Ready for Winter – Oct 20

Last pass through the hives before we get into Winter.  I had feeders on all four hives up through October 7th.  Each hive seems to have a solid medium of honey on the top box.  The Misty nuc is heavy on top.  All of the hives are loaded with bees.  Pretty much solid from side to side and front to back.

I bought a five pound box of fondant just to see how setting it up in the hives works for early next year when I ay have to feed them.  This worked great on the Bees Rules hive and the Utah hive where I put my home built vivaldi boards (they have a 3/8 inch spacing on the bottom).  It also worked out well on the Tardis hive which has a feeding shim in place for pollen patties (works great for the fondant as well).  Unfortunately, trying to fit the fondant between the top bard and the inner cover on the Misty nuc there was not enough room.  Into the garage to make a nuc sized feeding shim. A couple of scraps of 3/4 pine, a little work on the table saw, some glue and a couple of staples solved that problem.  I’m glad I tried it out before February. 

I also loaded up the top of my vivaldi boxes by filling a burlap bag with pine shavings and scrunching the full bag into the box.  I installed moust excluders on the entrance reducers of the Bees Riles and Tardis hive.  As the day warmed up the bees didn’t seem to be too fond of the unexpected restriction so I pivoted them out of the way.  I’ll put them back in place when the bees stop flying later this month.

I removed the screened bottom boards and replaced them with solid bottom boards.  All of the hives get a bit pissy when I work on the entrances.  I wonder what I’m doing wrong here.  I started putting the foam insulation on the brood boxes, but the bees were still agitated from my playing around with the entrances.  I’ll have to finish this task up later in the month as well.

So all the hives have strong populations, have lots of food, have been treated for varoa, and are set-up for winter feeding.  Must bee ready for Winter.

Busy Prep Day – Sept 8

I’ve had two tasks that I wanted to get done with the bees before winter sets in.  These were to lower my hive stand by about 10 inches and the other was to treat the main hives for mites with formic acid (formic pro).  Formic Pro should not be used it the temperatures are expected to get above 92 F. during the first three days of treatment.  This weekend was the first shot at that since August.  Shortening the hive stand involved moving all of the hives, sawing off most of the legs on the stand, then placing the hives back on (might as well do an inspection or two while everything is in motion.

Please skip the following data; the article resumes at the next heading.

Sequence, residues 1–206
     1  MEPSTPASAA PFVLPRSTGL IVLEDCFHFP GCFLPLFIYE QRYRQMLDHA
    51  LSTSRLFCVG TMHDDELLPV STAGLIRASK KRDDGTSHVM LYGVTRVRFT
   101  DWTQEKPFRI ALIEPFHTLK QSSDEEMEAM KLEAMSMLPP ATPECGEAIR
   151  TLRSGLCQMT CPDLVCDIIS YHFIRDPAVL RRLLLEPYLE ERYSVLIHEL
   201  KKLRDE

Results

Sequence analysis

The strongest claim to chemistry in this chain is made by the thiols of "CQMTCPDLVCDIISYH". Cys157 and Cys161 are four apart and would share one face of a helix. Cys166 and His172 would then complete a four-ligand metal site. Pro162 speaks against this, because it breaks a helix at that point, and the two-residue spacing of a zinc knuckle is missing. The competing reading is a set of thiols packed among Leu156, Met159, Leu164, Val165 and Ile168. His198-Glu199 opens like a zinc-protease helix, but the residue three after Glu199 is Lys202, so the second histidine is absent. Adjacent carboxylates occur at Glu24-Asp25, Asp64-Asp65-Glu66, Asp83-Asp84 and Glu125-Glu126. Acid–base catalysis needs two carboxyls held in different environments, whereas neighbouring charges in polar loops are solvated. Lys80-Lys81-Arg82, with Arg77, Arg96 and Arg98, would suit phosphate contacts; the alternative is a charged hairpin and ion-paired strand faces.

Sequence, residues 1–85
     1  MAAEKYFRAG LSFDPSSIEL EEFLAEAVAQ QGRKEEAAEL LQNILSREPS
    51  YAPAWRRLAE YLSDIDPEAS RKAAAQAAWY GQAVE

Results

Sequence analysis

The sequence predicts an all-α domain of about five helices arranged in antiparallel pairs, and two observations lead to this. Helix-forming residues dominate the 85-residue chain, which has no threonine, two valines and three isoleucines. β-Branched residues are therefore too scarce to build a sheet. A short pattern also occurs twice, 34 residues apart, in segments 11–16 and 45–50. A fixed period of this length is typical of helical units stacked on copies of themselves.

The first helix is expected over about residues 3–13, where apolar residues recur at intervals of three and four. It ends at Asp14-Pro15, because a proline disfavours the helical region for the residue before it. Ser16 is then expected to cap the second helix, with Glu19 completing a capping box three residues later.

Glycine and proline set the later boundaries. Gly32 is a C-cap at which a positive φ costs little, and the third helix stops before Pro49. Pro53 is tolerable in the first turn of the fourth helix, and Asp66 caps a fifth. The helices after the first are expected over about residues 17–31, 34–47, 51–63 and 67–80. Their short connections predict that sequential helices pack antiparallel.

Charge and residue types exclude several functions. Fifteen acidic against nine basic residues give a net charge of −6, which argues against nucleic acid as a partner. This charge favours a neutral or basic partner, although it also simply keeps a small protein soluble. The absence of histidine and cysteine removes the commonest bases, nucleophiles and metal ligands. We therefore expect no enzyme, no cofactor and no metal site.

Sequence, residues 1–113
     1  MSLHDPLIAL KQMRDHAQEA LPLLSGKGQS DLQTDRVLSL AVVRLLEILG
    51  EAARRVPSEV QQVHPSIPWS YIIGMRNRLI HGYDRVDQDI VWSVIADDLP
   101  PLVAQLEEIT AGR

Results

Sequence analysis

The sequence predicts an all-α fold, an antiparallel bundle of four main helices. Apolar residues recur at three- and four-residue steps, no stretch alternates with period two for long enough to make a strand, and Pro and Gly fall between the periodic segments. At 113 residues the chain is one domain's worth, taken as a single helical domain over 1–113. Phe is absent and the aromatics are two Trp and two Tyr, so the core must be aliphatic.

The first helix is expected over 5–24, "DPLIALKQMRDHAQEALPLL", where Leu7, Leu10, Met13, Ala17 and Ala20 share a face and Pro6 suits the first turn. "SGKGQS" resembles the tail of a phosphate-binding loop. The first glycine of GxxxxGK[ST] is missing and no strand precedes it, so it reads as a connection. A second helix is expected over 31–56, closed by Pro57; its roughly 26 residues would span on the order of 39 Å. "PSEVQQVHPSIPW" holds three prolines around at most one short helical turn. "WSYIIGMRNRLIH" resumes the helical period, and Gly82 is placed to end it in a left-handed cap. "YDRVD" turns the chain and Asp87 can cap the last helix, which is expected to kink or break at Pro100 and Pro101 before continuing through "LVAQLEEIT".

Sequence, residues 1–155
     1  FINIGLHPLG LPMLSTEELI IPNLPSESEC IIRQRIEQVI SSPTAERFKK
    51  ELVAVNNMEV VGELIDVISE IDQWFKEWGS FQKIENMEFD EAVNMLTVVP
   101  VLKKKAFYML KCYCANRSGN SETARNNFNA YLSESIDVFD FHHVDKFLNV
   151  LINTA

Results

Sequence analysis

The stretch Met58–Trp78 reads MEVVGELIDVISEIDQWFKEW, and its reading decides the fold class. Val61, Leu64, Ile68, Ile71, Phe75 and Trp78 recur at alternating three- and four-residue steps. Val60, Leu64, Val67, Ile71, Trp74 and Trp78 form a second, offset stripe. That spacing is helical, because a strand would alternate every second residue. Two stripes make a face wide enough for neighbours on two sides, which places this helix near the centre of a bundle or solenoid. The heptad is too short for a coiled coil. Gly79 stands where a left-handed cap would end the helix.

First, I set up a small pallet next to my hive stand.  The plan was to move the ‘Tardis” hive over a bit to free up some work space anyway.  Did an inspection from the bottom box up moving the hive from the hive stand to the pallet in the process.  The bees are filling every slot of the two deeps and a medium.  I’m very surprised at how many frames of wet larvae and capped brood there are in this hive.  It is bursting at the seams.  I looked carefully for swarm cells and didn’t see any, but this one may swarm late.  Found the (overly productive) queen and carefully caged her while working on the hive. I added two strips of Formic Pro between the bottom brood boxes and buttoned things up.  Set it up with an empty super on top with a 1 qt feeder.

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I’m going to hold feeding this hive until we see some ‘clustering’ weather.  It looks like they have used all the syrup I have given them thus far to raise bees instead of save for winter.  They have about a half dozen good resource frames, but that won’t last long with this many bees in the hive.

Next, I temporarily moved the ‘Misty” NUC from the stand to a spot next to the “Tardis” hive.  I only briefly peeked at the top box.  They only had four frame sides built out in the top box on my last inspection.  It looks like they may have expanded the wax to part of two more frame sides.